There’s a few releases on the label that have come out on vinyl – is the decision purely an economic one or are there other factors? “It’s pretty much economic. I’d release everything on vinyl if I could but it’s expensive and the production turnarounds are much longer than for cassette releases. I need to recoup enough money from each vinyl release in order to move onto the next one. It’ll only take one or two records to not sell as well as I anticipate and I’ll be effectively bust. I imagine I’d find a way to carry on though, I’ve got the curse. Vinyl is wonderful but cassettes have their virtues too. I like how distinctly underground they are. There’s no danger of major labels jumping on any cassette bandwagon like they have with the resurgence of vinyl because the profit margins are too low.”

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“Vinyl is wonderful but cassettes have their virtues too. I like how distinctly underground they are”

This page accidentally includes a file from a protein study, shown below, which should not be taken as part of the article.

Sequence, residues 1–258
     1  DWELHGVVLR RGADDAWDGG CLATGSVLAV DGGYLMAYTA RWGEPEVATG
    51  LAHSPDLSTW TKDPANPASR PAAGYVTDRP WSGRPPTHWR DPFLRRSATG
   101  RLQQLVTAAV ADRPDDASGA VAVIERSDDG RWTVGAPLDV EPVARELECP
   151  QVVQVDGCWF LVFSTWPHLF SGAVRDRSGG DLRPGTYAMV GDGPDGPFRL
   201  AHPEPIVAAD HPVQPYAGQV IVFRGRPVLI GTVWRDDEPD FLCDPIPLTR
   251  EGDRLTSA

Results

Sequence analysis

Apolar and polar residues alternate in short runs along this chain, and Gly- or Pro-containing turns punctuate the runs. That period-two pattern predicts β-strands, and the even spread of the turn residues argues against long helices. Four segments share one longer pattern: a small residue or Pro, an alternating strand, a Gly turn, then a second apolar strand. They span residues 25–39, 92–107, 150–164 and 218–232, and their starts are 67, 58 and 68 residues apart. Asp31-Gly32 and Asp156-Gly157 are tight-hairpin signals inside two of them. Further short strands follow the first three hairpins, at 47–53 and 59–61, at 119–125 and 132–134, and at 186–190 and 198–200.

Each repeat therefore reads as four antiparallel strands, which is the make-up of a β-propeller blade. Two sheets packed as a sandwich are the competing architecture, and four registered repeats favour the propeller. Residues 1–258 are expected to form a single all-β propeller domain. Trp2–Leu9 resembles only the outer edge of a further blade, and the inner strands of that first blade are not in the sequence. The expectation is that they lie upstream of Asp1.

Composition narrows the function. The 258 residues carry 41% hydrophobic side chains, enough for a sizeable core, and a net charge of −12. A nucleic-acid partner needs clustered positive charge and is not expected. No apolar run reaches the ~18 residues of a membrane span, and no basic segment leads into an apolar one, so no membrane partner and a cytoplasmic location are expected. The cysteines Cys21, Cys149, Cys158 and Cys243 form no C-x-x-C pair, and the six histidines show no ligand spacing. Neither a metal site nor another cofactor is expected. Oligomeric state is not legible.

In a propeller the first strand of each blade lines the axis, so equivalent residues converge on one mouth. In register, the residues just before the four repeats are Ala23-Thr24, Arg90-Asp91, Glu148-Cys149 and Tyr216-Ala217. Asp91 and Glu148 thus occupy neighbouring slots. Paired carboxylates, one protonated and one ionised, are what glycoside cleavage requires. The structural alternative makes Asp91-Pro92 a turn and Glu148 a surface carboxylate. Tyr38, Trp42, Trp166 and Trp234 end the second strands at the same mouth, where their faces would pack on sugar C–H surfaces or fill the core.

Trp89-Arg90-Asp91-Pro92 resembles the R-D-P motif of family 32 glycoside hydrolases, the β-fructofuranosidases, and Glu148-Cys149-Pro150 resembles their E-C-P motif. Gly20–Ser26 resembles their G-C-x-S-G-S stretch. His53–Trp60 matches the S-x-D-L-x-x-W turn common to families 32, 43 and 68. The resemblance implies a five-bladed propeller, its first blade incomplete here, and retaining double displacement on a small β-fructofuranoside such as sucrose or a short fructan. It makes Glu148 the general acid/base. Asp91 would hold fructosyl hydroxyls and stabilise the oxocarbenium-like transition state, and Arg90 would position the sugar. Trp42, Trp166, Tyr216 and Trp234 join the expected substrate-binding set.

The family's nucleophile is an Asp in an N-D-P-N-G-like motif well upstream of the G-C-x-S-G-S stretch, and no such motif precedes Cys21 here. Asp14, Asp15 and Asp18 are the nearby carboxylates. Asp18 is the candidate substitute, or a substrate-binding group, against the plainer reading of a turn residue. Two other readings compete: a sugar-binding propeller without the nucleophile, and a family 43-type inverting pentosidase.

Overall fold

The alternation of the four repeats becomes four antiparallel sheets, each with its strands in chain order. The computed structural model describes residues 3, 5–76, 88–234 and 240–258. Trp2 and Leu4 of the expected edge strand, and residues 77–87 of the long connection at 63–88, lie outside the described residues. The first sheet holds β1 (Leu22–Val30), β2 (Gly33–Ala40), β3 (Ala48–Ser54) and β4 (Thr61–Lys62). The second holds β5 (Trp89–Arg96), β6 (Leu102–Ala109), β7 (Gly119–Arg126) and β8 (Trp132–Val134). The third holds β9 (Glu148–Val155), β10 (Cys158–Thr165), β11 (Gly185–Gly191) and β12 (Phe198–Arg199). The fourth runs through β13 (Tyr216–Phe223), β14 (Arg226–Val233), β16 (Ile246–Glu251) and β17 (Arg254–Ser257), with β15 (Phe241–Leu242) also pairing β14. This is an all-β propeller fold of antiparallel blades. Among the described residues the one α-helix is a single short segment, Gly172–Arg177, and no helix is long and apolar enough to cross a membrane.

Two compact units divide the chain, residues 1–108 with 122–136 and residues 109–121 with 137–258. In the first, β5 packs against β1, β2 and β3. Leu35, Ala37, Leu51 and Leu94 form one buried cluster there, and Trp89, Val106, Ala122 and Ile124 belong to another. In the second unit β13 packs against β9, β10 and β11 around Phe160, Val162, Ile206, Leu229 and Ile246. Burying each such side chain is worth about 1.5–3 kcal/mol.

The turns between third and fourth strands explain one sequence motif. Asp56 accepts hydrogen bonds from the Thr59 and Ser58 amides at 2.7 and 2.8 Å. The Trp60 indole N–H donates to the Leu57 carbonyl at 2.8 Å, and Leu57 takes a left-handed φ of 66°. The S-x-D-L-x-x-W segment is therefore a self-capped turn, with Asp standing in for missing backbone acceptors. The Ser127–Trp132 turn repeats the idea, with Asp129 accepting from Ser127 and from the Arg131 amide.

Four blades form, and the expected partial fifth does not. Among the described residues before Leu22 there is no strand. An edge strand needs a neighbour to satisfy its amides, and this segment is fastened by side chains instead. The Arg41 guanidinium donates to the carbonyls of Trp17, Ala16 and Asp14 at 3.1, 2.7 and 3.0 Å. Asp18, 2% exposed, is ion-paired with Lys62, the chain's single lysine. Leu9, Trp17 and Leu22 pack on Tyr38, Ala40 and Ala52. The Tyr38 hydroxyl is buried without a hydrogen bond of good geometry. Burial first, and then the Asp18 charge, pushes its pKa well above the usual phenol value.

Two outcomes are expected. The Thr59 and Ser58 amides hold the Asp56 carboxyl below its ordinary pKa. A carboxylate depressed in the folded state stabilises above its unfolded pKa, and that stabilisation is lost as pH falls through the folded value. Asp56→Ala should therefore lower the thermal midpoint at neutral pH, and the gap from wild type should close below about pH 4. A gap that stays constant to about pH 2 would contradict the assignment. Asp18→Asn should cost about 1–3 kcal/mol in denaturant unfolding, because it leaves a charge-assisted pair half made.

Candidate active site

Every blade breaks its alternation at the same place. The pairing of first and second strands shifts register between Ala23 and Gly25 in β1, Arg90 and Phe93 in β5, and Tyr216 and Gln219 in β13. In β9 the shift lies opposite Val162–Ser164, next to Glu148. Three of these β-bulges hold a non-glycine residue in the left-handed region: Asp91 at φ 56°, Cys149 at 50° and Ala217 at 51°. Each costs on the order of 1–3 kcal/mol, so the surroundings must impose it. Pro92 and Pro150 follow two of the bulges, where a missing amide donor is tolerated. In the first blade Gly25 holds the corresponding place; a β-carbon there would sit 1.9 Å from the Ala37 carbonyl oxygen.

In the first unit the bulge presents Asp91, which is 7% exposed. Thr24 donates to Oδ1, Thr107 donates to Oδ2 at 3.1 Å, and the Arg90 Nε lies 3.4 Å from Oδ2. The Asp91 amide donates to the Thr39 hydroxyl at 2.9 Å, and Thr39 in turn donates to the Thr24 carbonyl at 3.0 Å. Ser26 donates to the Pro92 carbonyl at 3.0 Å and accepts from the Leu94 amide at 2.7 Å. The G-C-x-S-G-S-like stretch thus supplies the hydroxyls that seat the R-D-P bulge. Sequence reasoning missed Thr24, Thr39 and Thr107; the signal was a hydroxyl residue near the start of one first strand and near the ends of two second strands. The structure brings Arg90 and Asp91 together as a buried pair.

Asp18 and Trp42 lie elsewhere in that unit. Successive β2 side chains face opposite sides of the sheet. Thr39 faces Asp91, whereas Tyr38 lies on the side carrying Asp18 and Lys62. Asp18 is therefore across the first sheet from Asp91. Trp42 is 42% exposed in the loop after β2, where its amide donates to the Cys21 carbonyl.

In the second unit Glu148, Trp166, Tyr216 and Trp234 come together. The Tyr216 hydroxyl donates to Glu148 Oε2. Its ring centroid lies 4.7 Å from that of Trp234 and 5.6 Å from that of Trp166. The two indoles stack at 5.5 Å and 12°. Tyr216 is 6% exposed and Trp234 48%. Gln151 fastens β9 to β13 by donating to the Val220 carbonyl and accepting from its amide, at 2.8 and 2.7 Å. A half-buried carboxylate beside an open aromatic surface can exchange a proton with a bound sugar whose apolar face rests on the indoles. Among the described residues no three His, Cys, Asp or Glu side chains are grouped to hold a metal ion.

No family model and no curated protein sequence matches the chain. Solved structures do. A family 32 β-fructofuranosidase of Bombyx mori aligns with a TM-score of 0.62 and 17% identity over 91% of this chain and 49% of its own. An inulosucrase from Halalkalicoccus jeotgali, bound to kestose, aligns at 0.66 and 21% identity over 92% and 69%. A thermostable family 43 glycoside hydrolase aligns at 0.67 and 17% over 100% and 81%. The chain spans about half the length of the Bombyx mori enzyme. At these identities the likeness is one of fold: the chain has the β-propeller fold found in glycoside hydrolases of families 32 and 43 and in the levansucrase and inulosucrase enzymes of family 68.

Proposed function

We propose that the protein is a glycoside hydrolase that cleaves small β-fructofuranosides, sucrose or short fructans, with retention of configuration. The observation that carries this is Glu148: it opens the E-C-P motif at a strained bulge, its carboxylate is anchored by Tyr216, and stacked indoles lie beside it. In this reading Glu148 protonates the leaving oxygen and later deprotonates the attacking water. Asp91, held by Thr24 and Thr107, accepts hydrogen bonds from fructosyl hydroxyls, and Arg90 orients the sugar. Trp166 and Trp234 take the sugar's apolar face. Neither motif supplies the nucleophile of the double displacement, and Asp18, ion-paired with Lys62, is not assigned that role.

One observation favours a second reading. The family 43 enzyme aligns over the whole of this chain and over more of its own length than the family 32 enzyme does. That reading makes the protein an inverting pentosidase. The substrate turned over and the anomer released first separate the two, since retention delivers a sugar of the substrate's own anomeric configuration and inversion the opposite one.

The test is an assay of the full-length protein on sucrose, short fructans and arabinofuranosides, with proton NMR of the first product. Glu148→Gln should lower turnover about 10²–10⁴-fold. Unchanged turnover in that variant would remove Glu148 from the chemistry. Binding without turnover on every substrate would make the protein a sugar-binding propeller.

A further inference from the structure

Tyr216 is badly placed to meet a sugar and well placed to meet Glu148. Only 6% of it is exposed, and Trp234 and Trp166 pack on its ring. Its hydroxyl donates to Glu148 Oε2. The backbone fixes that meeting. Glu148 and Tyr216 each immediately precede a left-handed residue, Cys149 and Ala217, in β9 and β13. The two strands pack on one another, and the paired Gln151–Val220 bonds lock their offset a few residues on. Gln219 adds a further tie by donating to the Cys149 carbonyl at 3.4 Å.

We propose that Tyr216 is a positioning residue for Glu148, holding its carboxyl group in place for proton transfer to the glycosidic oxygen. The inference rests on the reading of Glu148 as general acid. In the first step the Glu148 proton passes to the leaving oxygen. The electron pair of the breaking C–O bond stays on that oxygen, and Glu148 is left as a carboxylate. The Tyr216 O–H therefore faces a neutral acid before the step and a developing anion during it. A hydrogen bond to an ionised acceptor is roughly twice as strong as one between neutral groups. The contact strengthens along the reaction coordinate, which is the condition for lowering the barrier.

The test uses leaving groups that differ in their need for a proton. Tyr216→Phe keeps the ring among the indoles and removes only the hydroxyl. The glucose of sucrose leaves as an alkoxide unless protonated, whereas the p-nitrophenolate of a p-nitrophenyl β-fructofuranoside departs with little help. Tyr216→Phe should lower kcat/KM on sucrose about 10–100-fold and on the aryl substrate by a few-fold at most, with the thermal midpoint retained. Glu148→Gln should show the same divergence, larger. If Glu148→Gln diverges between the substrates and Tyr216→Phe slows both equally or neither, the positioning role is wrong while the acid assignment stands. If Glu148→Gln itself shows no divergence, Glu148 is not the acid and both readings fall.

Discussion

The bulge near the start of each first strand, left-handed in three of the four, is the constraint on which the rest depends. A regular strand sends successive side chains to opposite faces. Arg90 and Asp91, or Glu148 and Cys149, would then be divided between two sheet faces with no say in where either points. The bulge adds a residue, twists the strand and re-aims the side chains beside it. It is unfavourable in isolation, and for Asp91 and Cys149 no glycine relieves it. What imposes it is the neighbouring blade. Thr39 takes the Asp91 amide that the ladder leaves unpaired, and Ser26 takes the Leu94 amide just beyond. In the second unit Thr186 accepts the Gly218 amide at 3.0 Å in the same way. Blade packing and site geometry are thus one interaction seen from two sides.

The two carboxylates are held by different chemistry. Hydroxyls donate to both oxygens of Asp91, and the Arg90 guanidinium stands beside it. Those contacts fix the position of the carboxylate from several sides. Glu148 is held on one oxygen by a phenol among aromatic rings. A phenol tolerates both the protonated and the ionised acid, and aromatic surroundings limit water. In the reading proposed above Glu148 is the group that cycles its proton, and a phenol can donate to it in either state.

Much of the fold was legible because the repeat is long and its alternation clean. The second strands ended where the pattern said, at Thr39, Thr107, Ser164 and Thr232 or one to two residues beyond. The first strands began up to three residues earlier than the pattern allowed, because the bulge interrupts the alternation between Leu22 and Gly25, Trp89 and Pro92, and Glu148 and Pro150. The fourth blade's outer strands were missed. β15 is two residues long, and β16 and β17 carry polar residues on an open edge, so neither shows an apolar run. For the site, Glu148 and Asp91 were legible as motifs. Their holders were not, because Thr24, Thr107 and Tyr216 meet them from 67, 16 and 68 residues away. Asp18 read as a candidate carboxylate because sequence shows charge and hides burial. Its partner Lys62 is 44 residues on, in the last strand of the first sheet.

Given the Record Store Day-related delays in getting Box’s most recent vinyl release onto the shelves, I wondered how Baty felt about the RSD project. “It took almost three months for the Foot Hair records to arrive from the plant because it was caught up in the Record Store Day jam. It was especially frustrating when I saw some of the garbage being released – U2, 1975 EPs, a flipping Tom Jones record, Elvis singing Simon & Garfunkel songs and a seemingly endless number of major label reissues. What few pressing plants there are were constipated. The same pressing plants that the independents and ardent music lovers kept alive for years whilst the majors were faffing on trying to stop people who used to buy their CDs in Tesco from downloading music for free. That’s what happens when you turn music into a cheap commodity. I don’t dislike the concept of Record Store Day, I want record shops to thrive, but I think an equilibrium can be reached. Maybe major labels could do more to encourage people to buy from independents all year round. Right now, Record Store Day feels like a high school party where bigger kids turn up, drink all the beer, puke all over the carpets and then piss off.”